I’ve spoken here before about Thanksgiving, about how as a child, it was my least favorite holiday of the year. (I should clarify that I am only talking about the years when I was in California…I don’t remember much about Thanksgiving in Alaska, but I’m sure it was lovely and fine.) My entire family (on my mom’s side) is obsessed with weight. My grandmother decided at a young age that she was NOT going to be fat like her parents and aunts, and pretty much has been on a diet ever since. To the point where now, at age 92 and weighing in at about 88 lbs, she will still make comments like, “Well, since I ate that brownie, I’ll have to starve myself tomorrow.” It’s digusting. She raised her kids to be obsessed with weight as well, putting my mom on a diet when she was about 10. It backfired, and the combination of her obsession and family genetics put all of her children into the overweight/obese category, though my aunt Colleen was much thinner than my mom or my uncle.
As might be expected, the conversation at family gatherings was often about dieting, about what one should and should not eat, what works and what doesn’t, on and on and on. And all the while, of course, there’s turkey and stuffing and potatoes and candied yams and gravy and pie and fruit salad and cranberry sauce and rolls. Please eat, enjoy…with an undertone of, you wouldn’t be so big if you didn’t enjoy quite so much. Ugh. Add to that the chain smoking by both of my grandparents, and throw in a big helping of my grandpa’s acid tongue and sarchasm, and you get the idea. No family gatherings were particularly wonderful or happy, but Thanksgiving seemed to me to be about food food food, and with this family, that was not a good thing. Plus most of the food wasn’t good. Turkey was dried out, mashed potatoes from a box, brown gravy from a packet, cranberry sauce from a can, yams from a can. Almost nothing was fresh.
I did always like the fruit salad and the cranberry sauce, canned though it was. Actually, I liked the mashed potatoes and gravy from a box/packet, if truth be told. It wasn’t until I was older and tried these things made from scratch that I realized that my grandparents’ cooking was like living in Plato’s cave, eating shadow versions of dishes, and there was a real world out there with delicious versionis of these same foods.
I remember the first time I tried cranberry sauce that wasn’t canned. It was 1993, and Ted and I were newly married. My mom had moved to Alaska that summer, though Richard and his wife had not moved up there yet, and were still in California. Richard and Kathy were married the Saturday after Thanksgiving, and my mom had flown down for the wedding. Generally we have Thanksgiving at Ted’s parents house, but we decided that year to have Thanksgiving at our apartment in San Francisco. Kathy asked what she could bring, and I don’t remember if she brought pie or something else, but I do remember that she brought cranberry sauce. It was a revelation. SO good. Not overly sweet. Fresh tasting. I begged her for her recipe, and she looked at me, stunned. “It’s on the back of the bag”, she said. “1 cup water, 1 cup sugar, cranberries….cook over medium heat until the cranberries pop. Chill. That’s it.” I think she felt that day about the same as she did when she told Richard they were going to make mashed potatoes, and he grabbed the box of powdered potatoes, while she grabbed fresh potatoes from the produce aisle.
Ever since that year, I’ve made this version of cranberry sauce, with a few exceptions. One year I tried a savory version, which I did not care for. One year I added a pinch of salt, which was fine but not really any different. This year, for Canadian Thanksgiving in October, I tried a new recipe. I don’t know what motivated me to do so, but I did. It’s very similar to the one on the cranberry bag, but has less liquid. You start out over low heat with the sugar, cranberries, and only 2 tblsp of water instead of a cup. When the sugar dissolves, you have plenty of liquid, so then you turn up the heat to medium and cook until the cranberries pop. I found the recipe on Food Network, and they added a strip of orange peel, which I don’t fancy. Some commenters used 2 tblsp OJ instead of water. Result? A lovely cranberry sauce! Not adding as much water gives you more concentrated cranberry flavor. Also, I used a bit less than a cup of sugar. Maybe more than 3/4 of a cup, I’m not exactly sure. Delicious. So this is the cranberry sauce recipe that I’m making for today’s Thanksgiving feast.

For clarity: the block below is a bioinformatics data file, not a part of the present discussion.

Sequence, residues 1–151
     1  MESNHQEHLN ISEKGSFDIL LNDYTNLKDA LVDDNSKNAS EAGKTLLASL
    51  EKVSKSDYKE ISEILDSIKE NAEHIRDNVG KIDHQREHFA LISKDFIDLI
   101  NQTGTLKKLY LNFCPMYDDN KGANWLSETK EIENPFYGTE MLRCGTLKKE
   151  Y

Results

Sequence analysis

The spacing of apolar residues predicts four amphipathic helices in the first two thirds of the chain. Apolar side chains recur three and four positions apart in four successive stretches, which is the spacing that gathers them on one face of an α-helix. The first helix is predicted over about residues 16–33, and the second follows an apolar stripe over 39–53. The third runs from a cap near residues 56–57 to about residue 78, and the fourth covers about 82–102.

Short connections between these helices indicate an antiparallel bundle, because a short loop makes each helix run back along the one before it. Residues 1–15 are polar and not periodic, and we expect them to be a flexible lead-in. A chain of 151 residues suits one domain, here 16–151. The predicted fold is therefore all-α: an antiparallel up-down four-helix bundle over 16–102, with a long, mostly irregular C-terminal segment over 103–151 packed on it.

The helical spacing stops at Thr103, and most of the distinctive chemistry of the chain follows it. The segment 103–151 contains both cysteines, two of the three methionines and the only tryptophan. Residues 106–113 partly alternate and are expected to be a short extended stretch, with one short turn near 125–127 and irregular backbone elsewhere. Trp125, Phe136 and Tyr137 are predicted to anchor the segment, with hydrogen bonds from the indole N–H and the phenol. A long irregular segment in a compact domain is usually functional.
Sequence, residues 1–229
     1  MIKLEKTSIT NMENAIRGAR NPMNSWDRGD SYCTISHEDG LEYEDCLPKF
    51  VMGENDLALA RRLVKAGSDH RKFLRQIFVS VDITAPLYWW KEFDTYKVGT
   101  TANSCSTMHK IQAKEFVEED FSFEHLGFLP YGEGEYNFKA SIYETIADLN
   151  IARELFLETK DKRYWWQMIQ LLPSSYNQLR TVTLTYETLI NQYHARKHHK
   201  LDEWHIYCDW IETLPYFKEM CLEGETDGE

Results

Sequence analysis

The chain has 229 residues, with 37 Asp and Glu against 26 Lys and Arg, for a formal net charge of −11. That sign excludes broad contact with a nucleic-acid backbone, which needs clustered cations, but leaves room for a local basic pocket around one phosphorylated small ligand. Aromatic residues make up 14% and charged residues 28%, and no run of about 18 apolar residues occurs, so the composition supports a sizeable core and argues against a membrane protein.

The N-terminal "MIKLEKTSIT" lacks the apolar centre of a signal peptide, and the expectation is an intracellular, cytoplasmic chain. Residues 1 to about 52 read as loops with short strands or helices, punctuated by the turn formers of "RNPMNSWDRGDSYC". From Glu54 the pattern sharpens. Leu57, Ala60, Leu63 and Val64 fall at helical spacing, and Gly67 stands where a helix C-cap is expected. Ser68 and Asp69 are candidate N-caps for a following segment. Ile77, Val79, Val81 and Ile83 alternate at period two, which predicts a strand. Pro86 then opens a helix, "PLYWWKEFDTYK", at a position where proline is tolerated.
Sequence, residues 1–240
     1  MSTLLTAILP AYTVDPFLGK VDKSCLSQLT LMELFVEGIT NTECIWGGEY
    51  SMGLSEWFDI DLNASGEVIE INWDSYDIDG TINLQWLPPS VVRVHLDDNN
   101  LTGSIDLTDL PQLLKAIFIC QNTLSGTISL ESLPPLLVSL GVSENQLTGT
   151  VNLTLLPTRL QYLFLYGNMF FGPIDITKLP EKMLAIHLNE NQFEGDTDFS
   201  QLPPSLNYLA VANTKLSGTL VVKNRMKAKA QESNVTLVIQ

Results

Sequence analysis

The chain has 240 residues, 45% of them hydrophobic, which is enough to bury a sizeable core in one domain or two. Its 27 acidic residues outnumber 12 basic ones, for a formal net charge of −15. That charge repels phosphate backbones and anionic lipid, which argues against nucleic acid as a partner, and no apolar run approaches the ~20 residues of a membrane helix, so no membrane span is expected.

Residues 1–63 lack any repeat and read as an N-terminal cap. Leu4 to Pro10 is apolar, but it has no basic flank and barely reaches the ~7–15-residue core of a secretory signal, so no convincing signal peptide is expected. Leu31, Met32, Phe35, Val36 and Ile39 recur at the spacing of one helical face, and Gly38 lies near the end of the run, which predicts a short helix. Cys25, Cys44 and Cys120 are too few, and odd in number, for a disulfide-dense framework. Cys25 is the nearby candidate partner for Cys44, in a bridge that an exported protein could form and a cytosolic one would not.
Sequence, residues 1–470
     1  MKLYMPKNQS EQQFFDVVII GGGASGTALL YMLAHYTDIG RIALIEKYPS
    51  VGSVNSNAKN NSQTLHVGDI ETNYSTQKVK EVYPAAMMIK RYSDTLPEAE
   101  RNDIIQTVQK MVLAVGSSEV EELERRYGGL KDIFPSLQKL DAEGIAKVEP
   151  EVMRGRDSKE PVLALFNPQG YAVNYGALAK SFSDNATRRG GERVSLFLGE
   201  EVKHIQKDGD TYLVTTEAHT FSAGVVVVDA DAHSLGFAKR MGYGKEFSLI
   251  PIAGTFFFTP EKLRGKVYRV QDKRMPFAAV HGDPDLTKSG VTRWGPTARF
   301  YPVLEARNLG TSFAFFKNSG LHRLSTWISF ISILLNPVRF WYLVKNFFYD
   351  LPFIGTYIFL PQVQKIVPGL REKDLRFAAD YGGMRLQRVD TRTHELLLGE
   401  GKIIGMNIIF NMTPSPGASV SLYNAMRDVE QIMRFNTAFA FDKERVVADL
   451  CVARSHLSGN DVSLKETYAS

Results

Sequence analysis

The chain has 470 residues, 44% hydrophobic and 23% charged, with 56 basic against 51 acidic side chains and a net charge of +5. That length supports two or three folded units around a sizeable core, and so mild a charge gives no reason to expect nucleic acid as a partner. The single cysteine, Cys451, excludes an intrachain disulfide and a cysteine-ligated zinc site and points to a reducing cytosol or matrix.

I’ll be thinking of Kathy, and thanking her for introducing me to fresh cranberry sauce. I’ll be thinking of my mom and all of the years when she would come to California for a month, and Thanksgiving was during that time and she would spend a week with us. I wish we were able to do that this year. I’ll be thinking of my grandma and how much I love her, even if a visit with her means coming home smelling like cigarettes. I’ll be thinking of my grandpa and how much I loved him, even if he was a mean old man. I’ll be enjoying a lovely day of delicious, freshly made food, laughter, music, wine, and fun with our new dog, at Ted’s parents house. I do have a lot to be thankful for. (I considered changing that to the more gramattically correct, “I do have much for which to be thankful” but I don’t like it, so I didn’t.)
If you’ve not tried fresh cranberry sauce, or if you have only tried the version with 1 whole cup of water, give this one a try. It’s delicious.
12 0z cranberries (fresh or frozen)
3/4 cup sugar
2 tblsp water or orange juice
1 strip orange or lemon zest, optional
Put all ingredients into a saucepan. Cook over low heat, stirring occasionally, until sugar dissolves and the cranberries are soft, about 10 minutes. Increase the heat to medium and cook until the cranberries burst, about 12 minutes.